• Transparency and Accountability. By creating awareness and an appropriate level of expectation, the sharing of information, and associated peer monitoring can promote efficiency and accountability in resource use. The CDC Database, for example, provides data on completed and on-going projects, the results of which can be objectively verified or used as an input to a public expenditure tracking exercise.

'Managing for development results' is therefore about more than collecting data, and much more than simply maintaining a scorecard of indicators. Both development partners and partner countries would agree that there is a pressing need to make our aid effectiveness work more operational; that there has been a significant effort made to change the manner in which aid is delivered, to establish any number of working groups and committees dedicated to discussing how this might be done, and yet the outcome in terms of development results have not always been immediately evident. In short, too much heat and not enough light.

The challenge in linking development assistance to results is therefore to establish a better understanding of the nature of this linkage and then to make it operationally useful by strengthening national ownership and creating policy-relevant tools that can monitor results. These results can then be fed back into the policy-making and resource allocation processes.

Aid Effectiveness: A Policy Imperative

Having underlined the importance of our aid effectiveness work this Report uses sources that include the inputs submitted by TWGs to the GDCC, the 2006 GDCC-TWG Review, the OECD/DAC Paris Declaration monitoring survey, and the CDC Database to present a consolidated analysis that supports the effort to translate aid effectiveness efforts into development outcomes. This Report succinctly highlights the nature and scope of the coordination challenge in Cambodia and shows that, as is suggested in Table One, below, not only is the challenge formidable but that rising to it will be essential if NSDP outcomes are to be realised.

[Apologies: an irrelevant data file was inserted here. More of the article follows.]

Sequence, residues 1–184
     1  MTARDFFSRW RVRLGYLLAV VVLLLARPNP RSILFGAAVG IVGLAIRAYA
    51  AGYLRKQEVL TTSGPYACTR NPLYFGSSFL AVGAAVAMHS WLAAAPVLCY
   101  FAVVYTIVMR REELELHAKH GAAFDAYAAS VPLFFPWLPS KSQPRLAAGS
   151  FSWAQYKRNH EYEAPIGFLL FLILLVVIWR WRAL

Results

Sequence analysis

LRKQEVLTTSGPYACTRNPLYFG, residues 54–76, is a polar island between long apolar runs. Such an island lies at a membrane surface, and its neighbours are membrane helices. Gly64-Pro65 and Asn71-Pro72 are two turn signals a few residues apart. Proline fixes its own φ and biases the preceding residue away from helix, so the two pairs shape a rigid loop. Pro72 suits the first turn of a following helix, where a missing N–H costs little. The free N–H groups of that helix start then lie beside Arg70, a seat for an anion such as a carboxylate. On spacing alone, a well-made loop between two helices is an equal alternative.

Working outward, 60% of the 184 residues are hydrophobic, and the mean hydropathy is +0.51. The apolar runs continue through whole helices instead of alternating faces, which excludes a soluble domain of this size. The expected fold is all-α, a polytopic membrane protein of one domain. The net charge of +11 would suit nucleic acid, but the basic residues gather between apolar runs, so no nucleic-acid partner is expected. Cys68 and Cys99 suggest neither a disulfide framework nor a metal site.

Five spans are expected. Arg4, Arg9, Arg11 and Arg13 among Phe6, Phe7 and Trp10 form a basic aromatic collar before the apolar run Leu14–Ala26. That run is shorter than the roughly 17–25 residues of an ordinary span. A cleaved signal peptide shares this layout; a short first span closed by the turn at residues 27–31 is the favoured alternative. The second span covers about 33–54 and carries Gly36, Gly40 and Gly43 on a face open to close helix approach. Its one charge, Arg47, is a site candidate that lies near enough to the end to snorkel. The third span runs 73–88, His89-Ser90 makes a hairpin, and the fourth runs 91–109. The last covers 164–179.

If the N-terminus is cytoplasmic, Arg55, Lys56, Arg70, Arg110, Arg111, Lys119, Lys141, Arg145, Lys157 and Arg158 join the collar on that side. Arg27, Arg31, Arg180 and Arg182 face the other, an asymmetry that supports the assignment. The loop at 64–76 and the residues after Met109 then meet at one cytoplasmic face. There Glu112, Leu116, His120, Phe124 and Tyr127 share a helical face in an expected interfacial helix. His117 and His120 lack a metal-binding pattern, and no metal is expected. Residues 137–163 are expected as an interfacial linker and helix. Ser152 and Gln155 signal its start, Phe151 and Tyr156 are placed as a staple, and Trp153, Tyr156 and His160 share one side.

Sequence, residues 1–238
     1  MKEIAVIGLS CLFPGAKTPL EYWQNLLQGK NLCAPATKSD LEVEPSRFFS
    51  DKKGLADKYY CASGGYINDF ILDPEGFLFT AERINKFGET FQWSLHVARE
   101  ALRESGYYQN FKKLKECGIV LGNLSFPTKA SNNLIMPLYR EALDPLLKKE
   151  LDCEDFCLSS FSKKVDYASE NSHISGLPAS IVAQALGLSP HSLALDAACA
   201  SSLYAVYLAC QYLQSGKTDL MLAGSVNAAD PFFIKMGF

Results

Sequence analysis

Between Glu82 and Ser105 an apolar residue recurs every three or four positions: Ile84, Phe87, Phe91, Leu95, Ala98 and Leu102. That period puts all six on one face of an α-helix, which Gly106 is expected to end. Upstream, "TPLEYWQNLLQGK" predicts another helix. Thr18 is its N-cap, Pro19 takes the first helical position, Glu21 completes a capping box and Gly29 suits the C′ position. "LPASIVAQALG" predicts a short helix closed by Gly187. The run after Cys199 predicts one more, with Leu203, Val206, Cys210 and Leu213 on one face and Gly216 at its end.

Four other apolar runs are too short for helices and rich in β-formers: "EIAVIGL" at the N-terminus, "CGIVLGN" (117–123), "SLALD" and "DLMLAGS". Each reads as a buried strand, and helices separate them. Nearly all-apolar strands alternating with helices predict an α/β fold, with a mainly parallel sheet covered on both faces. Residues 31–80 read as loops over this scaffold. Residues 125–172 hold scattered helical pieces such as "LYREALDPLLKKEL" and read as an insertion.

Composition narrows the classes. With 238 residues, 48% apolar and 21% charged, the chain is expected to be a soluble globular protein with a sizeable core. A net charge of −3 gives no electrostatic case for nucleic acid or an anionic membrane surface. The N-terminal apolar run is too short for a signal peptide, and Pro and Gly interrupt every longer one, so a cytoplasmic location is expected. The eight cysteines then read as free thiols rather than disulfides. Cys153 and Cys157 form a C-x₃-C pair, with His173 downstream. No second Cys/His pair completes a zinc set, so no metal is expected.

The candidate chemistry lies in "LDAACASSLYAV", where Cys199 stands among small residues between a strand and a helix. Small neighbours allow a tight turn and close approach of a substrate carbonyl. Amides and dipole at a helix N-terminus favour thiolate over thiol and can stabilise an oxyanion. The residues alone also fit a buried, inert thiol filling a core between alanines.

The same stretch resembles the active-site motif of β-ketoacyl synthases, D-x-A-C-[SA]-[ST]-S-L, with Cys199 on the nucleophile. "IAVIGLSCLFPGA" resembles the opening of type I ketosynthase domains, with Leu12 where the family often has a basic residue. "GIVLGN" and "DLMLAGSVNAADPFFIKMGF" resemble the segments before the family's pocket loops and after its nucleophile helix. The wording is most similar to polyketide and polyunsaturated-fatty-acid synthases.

Table One. Development Assistance: Indicators of Transaction Costs







Aid Receipts (USD m)






Number of development partners






Share of aid (5 largest partners)






Number of projects on-going






               Source: CDC Database and CDC Development Cooperation Report (various years, UN agencies counted individually)

The Report also attempts to derive some practical policy-relevant lessons and demonstrates that, by making better use of data and empirical experience, we can provide policy makers with the evidence that is needed to ensure that development assistance provides effective support to the NSDP. This Report is therefore very much about effective aid coordination and 'managing for results': increased aid effectiveness is not presented as a policy choice but, rather, as a policy imperative.

Chapter Two of the Report recounts the main activities of 2006 related to the development partnership and reflects on some of the main trends in development cooperation. Chapter Three provides an analysis of development cooperation activities in the context of the H-A-R Action Plan. Chapter Four reviews the process of establishing a baseline for monitoring aid effectiveness before Chapter Five attempts to provide some policy direction based on the evidence presented in earlier chapters. Chapter Six then concludes the Report by acknowledging that, while there is much to be done in terms of establishing robust data systems that will consolidate the aid effectiveness and development results linkages, there is sufficient evidence to show that aid management initiatives are making progress and that they can be expected to have a positive impact on the implementation of the NSDP.

Throughout the Report an effort has been made to identify and to discuss emerging practices. In the case of those practices that are considered to have particular merit the Royal Government and development partners are encouraged to consider what makes them good practices and to consider if elements of them can be adapted and replicated.